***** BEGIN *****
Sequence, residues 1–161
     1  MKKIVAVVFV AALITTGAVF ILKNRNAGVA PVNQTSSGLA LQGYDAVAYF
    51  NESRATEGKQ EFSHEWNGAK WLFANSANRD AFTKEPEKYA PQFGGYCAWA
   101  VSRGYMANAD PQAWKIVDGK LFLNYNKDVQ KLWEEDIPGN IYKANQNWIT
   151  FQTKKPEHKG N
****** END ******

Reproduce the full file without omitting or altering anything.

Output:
Sequence, residues 1–161
     1  MKKIVAVVFV AALITTGAVF ILKNRNAGVA PVNQTSSGLA LQGYDAVAYF
    51  NESRATEGKQ EFSHEWNGAK WLFANSANRD AFTKEPEKYA PQFGGYCAWA
   101  VSRGYMANAD PQAWKIVDGK LFLNYNKDVQ KLWEEDIPGN IYKANQNWIT
   151  FQTKKPEHKG N